• Rob Morales

    She’s in orange face not black face. You have a group of people out there who are always looking for things to complain about….period. Only people on Mob Wives with bad tans should be complaining right now.

    • Gabriele

      Ha! Ha! Good point about the bad tans.

  • Lydia

    She looks more like Snookie from Jersey Shore to me. People aren’t happy unless they are mad about something.

  • http://www.qphase2.com Quinn Read

    I thought it was tacky — but then I think a great deal of celebrity behavior is tacky. I believe it’s good to send the message that wearing black face (or something approximating it) isn’t a good move. But, yeah, don’t we have bigger problems? After all, the Supreme Court invalidated a huge chunk of the Voting Rights Act this summer. Shame the Justices! Why waste so much energy on an easy celebrity target?

    • Kelly

      It’s funny, I wasn’t being cute at all when I asked the question in the title. I really was curious if Hough’s particular costume, NOT blackface, was offensive or was it just a way to stir controversy and drive traffic. This thing has been picked up by Gawker now and I think I have my answer. People are PISSED. So, I guess I learned something. Nothing wrong with that. Thanks for commenting.

      • http://www.qphase2.com Quinn

        I think it’s a good and thoughtful question! And I think you’re right that the blogging world is driving the way out of proportion response. Is it really this particular costume, or is it that she’s just an easy target that can be used to drive traffic? I come down somewhat in the middle. I personally thought it was in bad taste, but that it doesn’t deserve the crazy outrage.

      • Rochelle Migliore

        I don’t think people are so upset over the costume, it’s the symbolism of the whole thing. I think some of the reaction is overblown, that’s to be expected unfortunately. Her wearing that costume is at best completely ignorant, and it touches on something that’s very real for most folks of color.

        I agree with this line from the author that referenced your post, “She wanted, just for a night, to rat her hair and darken her skin, to slide into that orange jumpsuit and claim a part of that alien experience as her own, all while staying safely hidden behind the cultural power that allowed her to play at oppression that way.” There is a real and demonstrable difference in the opportunities and outcomes in the lives of people of color as opposed to white folks, and you can see it just about everywhere. The problem with costumes like this is people of privilege “playing” someone who isn’t. As soon as that person takes the costume off, they are able to live with the benefits that privilege gives them. When you are actually someone whose skin color doesn’t afford you that privilege, you can’t do anything about that hurdle. That’s not to say that hurdle can’t be overcome, it can. But we all want a society that doesn’t count skin color as a mark against us.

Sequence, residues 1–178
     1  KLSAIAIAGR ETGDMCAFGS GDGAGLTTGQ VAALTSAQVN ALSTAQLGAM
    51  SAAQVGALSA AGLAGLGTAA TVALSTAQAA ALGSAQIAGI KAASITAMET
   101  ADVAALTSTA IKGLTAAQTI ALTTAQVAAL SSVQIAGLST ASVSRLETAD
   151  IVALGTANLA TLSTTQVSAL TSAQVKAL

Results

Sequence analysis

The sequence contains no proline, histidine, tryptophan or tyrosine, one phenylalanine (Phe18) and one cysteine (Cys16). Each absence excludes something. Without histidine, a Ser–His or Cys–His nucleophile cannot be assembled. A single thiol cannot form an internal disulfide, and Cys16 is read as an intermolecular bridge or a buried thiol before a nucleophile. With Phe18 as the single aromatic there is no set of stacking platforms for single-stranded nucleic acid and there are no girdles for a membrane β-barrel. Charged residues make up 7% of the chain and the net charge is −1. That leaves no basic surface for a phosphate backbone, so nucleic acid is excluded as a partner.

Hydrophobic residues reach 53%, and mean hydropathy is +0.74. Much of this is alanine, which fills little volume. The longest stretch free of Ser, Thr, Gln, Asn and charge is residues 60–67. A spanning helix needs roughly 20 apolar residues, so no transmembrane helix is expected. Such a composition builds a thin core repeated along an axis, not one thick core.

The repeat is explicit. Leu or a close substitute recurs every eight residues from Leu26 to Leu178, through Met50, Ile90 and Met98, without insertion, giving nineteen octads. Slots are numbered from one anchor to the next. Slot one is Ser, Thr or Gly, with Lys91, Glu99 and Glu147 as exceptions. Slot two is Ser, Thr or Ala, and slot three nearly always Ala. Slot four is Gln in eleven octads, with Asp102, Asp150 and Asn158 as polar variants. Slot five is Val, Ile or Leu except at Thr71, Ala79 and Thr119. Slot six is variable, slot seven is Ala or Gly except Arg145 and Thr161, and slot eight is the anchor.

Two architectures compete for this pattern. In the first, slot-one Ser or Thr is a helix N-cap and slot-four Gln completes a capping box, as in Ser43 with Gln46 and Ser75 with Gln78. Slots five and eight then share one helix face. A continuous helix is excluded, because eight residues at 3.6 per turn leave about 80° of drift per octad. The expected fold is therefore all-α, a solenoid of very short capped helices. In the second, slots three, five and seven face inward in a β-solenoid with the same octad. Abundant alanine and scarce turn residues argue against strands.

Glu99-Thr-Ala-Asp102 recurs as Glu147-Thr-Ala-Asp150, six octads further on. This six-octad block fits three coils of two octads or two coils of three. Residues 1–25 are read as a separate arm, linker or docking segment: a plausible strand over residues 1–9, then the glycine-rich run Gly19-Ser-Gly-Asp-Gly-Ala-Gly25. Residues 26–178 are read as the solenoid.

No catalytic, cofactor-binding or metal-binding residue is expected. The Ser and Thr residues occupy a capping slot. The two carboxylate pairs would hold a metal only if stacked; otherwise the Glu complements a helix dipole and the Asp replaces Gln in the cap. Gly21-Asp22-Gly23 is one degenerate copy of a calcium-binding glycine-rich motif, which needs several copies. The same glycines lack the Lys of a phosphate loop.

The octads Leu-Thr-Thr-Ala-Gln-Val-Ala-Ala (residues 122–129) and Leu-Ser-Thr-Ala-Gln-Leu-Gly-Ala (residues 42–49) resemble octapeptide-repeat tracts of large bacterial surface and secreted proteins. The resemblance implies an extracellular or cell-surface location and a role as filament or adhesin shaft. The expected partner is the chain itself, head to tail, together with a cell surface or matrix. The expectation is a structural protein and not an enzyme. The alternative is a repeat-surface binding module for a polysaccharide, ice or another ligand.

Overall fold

Just like people are tired of hearing about racial inequities, more so are those on the short end of that stick.

        There’s a cumulative effect. Sorta like when you get a bad start to your day, and then it seems like everything is going wrong, then by the end of the day when one little thing goes wrong, you totally lose it. Day in and day out people are living with racial inequities, sometimes blatant racism, the history of racism, and dealing with the generational after effects. Then some stupid thing like this costume happens and it quickly snowballs. Yes, there are worse situations to deal with. But it just feels like it’s everywhere. Like an awful, endless game of whack-a-mole. There are a lot of emotions under the surface, not just for historical happenings, but for the real life, everyday implications.